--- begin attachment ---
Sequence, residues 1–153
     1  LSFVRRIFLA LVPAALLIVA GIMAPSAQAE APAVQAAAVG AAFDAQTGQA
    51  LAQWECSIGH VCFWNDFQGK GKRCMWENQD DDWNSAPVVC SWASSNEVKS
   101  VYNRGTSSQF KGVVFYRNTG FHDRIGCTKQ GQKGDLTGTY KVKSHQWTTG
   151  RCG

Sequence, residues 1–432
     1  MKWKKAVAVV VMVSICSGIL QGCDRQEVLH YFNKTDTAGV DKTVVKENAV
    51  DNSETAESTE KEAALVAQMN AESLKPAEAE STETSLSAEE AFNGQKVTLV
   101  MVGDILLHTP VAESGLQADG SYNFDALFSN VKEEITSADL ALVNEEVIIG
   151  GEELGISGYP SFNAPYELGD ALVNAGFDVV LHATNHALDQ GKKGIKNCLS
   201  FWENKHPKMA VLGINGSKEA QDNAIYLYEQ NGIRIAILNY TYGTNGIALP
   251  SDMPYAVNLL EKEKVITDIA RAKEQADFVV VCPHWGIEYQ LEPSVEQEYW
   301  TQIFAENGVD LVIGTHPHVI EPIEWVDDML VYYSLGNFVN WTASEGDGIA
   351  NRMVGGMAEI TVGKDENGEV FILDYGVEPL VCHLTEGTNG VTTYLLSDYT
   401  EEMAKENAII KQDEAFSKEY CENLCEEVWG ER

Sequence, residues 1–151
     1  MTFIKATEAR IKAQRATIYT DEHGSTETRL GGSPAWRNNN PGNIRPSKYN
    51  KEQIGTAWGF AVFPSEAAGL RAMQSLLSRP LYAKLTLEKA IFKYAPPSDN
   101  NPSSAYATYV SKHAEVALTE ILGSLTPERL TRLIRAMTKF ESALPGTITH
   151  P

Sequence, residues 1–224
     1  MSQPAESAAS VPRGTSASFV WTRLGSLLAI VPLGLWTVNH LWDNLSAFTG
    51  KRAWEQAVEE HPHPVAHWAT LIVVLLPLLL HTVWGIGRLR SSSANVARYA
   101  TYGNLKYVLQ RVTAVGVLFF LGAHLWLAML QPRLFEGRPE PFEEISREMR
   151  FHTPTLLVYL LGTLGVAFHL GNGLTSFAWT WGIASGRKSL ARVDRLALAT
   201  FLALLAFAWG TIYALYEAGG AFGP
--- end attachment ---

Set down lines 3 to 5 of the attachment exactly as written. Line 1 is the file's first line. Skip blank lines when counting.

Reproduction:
    51  LAQWECSIGH VCFWNDFQGK GKRCMWENQD DDWNSAPVVC SWASSNEVKS
   101  VYNRGTSSQF KGVVFYRNTG FHDRIGCTKQ GQKGDLTGTY KVKSHQWTTG
   151  RCG